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Suppose as a pitcher I have a three-pitch arsenal (e.g. fastball, curveball, slider) and I play the position of relieving pitcher. I've noticed that my pitching style becomes repetitive due to my relatively low number of choices. Eventually, because my style becomes repetitive, batters will "figure me out" too easily and will figure out where to swing and when. Assuming aforementioned batters are experienced enough, they should already know this, and I am careful with them due to this.

My pitch velocity is higher than that of some of my other teammates, and I am capable of just barely clipping the edge of the strike zone with any of my pitches, making me a decent pitcher by the standards of my league.

What strategies could a pitcher with limited arsenal use to become a more effective and unpredictable pitcher?

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  • I think you hinted at the answer already. Location is at least as important as velocity for keeping a hitter off-balance. Also, if you can throw either breaking pitch for a strike, hitters can't, for example, expect the traditional fastball on a 3-1 count.
    – chepner
    Commented May 17, 2023 at 13:28

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Most pitchers, especially in the big leagues, only have three pitches that they have in their arsenal (or three pitches that the feel comfortable throwing that day) so yours is by no means limited. A fastball, curveball, slider is a very standard combo because it can be one of the most effective with minimal learning curve.

This may sound redundant to your problem, but you don't want to pitch every batter the same. You and the catcher need to watch the hitters warming up, on deck, or during their first at bats to see what their weakness are. Do they struggle with timing? Do they straight take 0-0, 1-0 curves? Is he pulling every pitch he sees? These are the sort of questions that you need to be answering before you even step in on the mound.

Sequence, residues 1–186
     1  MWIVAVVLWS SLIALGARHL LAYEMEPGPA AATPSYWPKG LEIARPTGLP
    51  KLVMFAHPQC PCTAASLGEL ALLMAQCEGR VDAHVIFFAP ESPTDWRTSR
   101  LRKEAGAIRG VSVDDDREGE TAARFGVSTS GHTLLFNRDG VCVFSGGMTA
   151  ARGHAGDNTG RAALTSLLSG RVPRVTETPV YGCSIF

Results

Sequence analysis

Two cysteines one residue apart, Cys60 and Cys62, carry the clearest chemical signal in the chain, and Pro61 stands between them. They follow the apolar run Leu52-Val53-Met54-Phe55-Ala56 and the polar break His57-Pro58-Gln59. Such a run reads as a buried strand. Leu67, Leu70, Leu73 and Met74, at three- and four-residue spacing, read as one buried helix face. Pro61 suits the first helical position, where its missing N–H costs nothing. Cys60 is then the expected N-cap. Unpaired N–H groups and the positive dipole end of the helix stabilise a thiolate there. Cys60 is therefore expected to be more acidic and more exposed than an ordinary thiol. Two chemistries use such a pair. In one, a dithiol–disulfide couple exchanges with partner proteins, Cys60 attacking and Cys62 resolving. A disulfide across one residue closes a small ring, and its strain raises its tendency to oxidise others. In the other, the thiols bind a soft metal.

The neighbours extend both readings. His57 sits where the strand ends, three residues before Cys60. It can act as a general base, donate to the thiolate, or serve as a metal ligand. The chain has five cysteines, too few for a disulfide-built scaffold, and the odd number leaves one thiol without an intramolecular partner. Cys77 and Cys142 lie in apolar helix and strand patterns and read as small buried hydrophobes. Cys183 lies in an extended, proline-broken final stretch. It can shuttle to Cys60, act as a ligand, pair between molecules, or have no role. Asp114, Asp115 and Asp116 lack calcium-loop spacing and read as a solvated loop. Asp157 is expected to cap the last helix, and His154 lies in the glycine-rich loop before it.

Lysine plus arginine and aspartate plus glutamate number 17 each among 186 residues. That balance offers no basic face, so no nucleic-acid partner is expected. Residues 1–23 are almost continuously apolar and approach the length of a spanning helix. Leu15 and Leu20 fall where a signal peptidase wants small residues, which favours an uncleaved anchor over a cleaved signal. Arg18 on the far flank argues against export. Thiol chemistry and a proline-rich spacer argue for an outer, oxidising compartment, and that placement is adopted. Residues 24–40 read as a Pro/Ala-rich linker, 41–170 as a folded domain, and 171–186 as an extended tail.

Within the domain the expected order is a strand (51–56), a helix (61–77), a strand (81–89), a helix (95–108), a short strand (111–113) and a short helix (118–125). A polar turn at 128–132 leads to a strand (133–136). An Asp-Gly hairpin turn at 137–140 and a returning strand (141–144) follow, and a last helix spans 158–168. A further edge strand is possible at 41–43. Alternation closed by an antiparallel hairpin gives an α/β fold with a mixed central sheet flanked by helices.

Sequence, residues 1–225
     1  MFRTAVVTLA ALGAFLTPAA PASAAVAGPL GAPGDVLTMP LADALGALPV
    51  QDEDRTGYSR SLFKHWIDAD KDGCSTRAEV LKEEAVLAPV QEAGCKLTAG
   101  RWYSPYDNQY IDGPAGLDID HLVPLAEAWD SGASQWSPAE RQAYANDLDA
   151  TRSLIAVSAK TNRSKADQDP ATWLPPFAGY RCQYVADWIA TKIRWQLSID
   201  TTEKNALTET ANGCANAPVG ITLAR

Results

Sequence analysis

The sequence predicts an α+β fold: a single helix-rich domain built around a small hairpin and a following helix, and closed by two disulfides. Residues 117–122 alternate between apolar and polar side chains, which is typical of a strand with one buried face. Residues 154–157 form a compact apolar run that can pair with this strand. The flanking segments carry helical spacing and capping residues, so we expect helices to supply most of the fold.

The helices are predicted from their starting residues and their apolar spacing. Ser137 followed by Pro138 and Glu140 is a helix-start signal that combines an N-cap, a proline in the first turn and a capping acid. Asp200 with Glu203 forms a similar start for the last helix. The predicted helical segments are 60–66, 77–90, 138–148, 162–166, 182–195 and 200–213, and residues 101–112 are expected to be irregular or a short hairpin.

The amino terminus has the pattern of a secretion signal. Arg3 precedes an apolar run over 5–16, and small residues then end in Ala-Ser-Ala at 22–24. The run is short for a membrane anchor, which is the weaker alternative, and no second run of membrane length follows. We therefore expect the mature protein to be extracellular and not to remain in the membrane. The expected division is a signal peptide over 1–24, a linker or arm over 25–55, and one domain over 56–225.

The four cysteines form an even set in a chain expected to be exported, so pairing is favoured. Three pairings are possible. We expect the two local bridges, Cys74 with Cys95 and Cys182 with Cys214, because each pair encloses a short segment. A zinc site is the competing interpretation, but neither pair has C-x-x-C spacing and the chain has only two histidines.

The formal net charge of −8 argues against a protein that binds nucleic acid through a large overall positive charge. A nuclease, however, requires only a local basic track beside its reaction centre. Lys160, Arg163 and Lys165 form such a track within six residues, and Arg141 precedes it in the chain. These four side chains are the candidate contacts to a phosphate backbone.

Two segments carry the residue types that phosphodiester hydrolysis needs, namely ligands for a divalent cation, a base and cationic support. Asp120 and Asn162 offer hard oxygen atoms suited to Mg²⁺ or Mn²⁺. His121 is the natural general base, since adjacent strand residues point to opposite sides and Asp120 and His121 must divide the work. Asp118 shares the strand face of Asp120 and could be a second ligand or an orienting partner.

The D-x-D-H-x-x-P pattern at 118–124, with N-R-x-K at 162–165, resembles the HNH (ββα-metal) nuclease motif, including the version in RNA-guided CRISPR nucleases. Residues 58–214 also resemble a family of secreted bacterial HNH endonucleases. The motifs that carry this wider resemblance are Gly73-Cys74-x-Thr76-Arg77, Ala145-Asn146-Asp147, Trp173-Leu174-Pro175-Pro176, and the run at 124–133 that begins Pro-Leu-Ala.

Secondly, you should have some intuition when you are on the mound about how the at-bat is going. One of the most basic things you can see is hitter's timing. If they pulled the first fastball you threw foul and was super early, throw him something off-speed so he will be even earlier. If he was late on the fastball you threw and pushed it foul, do not speed him up by throwing off-speed.

Good pitchers are pitchers that have good stuff (movement, location, velocity). Great pitchers are pitchers that are able to use their stuff effectively by understanding the weaknesses of who they are throwing to.

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This used to be me. There are several ways to combat this.

Although three pitches is considered a decent arsenal of pitches to have, it can sometimes become harder to keep hitters guessing if only one or two of those is working on any specific day. For me, I just decided to learn one or two more pitches, but this may not work for everyone. You can make three pitches look like four by adding or subtracting velocity. You can achieve the same effect by using different locations and even going as far as to go outside the zone on some occasions. A hitter probably won't expect a fastball on a 3-1 count. Some may not even expect a fastball after one or two offspeed or breaking pitches. Use this to your advantage when considering your next pitch to throw.

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